An aspect that exasperated this, particularly in the opening scene, was the use of pans and mobile cameras that, while working well in traditional cinema, become cheesy and overemphatic in HFR 3D.  In this type of shot, the cameras appear to take on a more subjective position as the precise movement of their motion suggest a living, moving observer. Although this could be used to great effect in point-of-view shots, it clashes with the intended omniscient observer set-up by Jackson’s relatively classical visual storytelling. This problem returns throughout the film as Peter Jackson is worse than James Cameron for refusing to allow the cameras to stay still. Rather than letting audiences soak in the visual details of shots or explore the stereoscopic depth relations between objects, the film continuously sweeps and soars around.

Furthermore, the difficulties Jackson’s team faced when trying to combine actors of the same size when they are playing characters of radically different sizes (dwarves and humans for example) becomes apparent. Often the cuts between different shots bring with them changes to spatial planes but rather than seeming to show a new angle on a scenario they seem to show a completely different space. To an extent this is hidden by extensive use of pulled focus but this aspect, like the soaring cameras, only goes so far in hiding new problematic artefacts created by HFR. The result is a glimpse at the potential for a spectacular visual field but one that is not brought to fruition.


As with the previous film, the close-ups are much more effective and show the potential for digital 3D to create stunning details that cannot be seen elsewhere. This is particularly true when the heads of evil creatures such as wolves and a large black bear seem to hang into the auditorium and break the safe space between viewer and film.  Throughout the film, the violation of space between audience and traditional screen film is very limited, in a way that is in keeping with An Unexpected Journey. The brief occasions when bees buzz around the auditorium and bluebird flutter towards the audience are the only really exceptional uses of negative parallax. However there are a few other instances when stereoscopic depth planes are used to good effect. The first occurs when Bilbo and the dwarves are captured by giant spiders in the forest. Well known as the source of many phobias, the spiders are invoked firstly through their gigantic, encompassing webs. They produce a sticky yet transparent material that stretches towards the audience and as the cameras travel through them, they suggest uncomfortable sensations on the skin. Later, when the dwarves find themselves catapulted down a fast flowing stream in wooden barrels, the stereoscopic effects create a sense of shared, overwhelming liquid space in which the audience could easily slip under and become engulfed by the water. This is particularly true when the cameras position us half bobbing in and out of the water in the same way as the barrels. Lastly, when the dragon Smaug is awakened, the flows of coins that tumble off his skin seem to submerge the audience underneath them. A similar effect happens when he breathes fire towards the audience and at one point showers them with molten gold.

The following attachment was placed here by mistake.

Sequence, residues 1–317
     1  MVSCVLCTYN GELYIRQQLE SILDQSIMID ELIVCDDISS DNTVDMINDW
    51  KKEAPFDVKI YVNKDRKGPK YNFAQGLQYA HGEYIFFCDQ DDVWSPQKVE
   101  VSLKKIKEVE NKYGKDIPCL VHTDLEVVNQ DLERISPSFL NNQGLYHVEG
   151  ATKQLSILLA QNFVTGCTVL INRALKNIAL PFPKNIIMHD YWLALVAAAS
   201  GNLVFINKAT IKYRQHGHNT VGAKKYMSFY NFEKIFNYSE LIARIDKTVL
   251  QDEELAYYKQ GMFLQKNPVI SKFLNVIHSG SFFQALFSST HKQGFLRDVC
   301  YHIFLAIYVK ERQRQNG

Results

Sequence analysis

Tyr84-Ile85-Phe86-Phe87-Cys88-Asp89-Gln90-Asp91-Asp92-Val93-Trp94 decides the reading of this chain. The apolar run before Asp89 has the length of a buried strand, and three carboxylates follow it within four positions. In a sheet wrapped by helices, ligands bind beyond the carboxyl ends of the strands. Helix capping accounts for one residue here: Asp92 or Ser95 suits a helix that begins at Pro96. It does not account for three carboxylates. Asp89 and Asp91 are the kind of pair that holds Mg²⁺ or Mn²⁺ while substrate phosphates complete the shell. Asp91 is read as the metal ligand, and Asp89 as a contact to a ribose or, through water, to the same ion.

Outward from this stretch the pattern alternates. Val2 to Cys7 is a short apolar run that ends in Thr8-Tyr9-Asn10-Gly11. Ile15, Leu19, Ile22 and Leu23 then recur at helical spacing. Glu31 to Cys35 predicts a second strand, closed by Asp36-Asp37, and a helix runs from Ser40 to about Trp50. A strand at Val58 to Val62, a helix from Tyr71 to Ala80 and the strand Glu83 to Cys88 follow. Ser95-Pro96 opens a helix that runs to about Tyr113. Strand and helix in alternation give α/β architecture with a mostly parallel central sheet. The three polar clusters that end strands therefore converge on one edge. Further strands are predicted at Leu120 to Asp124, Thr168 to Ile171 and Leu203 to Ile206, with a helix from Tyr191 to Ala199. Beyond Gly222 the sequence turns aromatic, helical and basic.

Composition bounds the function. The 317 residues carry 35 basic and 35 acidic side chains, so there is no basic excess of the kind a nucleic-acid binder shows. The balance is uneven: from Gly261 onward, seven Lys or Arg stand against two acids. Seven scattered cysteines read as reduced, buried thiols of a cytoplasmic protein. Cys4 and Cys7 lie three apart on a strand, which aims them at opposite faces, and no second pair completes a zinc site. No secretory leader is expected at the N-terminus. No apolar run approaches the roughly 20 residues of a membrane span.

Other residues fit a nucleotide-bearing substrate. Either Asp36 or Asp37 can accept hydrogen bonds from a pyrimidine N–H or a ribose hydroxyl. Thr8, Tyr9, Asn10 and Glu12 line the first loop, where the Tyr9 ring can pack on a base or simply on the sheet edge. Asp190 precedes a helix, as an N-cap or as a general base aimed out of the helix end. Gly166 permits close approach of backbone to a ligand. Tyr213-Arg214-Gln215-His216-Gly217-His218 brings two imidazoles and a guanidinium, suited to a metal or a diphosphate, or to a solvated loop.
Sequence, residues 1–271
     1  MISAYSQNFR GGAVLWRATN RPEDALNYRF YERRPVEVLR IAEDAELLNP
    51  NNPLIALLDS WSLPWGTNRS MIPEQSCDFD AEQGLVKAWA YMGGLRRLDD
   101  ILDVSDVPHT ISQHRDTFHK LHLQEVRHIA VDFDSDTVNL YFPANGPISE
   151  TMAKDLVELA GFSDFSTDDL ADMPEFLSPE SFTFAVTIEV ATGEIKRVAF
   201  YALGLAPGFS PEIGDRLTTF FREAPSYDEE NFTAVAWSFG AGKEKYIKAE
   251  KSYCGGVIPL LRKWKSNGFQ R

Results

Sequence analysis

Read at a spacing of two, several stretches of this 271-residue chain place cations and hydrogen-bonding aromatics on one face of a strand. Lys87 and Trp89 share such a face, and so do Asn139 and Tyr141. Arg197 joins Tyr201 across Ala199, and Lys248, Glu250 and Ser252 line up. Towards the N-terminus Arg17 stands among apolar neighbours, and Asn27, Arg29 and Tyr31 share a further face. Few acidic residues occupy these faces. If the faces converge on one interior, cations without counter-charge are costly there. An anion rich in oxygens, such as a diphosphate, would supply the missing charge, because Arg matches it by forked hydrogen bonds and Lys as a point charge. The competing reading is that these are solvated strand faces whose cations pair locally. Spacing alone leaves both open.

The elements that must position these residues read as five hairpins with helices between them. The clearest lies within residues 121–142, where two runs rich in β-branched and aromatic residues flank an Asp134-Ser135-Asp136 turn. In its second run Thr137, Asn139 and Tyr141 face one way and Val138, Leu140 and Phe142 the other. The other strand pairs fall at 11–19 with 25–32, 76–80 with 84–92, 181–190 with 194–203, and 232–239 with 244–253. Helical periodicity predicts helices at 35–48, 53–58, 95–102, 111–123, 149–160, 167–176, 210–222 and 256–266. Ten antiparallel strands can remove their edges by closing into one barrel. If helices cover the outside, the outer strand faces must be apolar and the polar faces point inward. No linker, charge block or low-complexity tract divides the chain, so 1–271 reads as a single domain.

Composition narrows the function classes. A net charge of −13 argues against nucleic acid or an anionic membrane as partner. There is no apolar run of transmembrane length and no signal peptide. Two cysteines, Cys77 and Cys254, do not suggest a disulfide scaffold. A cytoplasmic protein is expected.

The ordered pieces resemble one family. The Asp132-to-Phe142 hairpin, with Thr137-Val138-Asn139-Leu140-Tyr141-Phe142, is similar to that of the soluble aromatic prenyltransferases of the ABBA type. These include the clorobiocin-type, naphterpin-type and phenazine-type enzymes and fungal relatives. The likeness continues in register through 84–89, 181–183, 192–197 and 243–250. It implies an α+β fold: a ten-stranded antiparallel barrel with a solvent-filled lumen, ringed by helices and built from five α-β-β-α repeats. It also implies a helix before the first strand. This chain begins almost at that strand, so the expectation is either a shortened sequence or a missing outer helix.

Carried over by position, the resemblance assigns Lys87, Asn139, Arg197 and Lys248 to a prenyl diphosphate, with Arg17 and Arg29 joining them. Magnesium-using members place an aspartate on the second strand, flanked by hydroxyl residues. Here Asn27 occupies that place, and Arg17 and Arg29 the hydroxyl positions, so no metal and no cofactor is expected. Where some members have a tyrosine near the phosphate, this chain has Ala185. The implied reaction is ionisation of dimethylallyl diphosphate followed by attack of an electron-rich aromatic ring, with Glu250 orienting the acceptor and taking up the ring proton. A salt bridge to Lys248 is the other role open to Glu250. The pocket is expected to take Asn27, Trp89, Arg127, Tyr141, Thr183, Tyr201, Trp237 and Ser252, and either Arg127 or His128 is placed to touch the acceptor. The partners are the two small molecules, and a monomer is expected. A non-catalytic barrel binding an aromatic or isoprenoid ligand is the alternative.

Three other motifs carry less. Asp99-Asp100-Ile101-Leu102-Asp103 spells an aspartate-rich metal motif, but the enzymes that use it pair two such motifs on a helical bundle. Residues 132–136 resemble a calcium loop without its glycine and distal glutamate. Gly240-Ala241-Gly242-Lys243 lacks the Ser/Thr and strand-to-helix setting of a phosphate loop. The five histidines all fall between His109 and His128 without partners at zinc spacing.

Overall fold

In each case, these moments suggest the potential for 3D HFR to be tactile and engrossing in ways that cannot be achieved by other cinema technologies. However, these moments are relatively rare in the film’s almost 3 hour length. For fans of The Hobbit narrative this aspect may be welcome as it provides less distraction from the journey of Bilbo, Gandalf and the dwarves. For someone like me, who finds the films mildly boring, the fascinating visual appeal provided by HFR in An Unexpected Journey is no longer there to provide welcome relief in The Desolation of Smaug.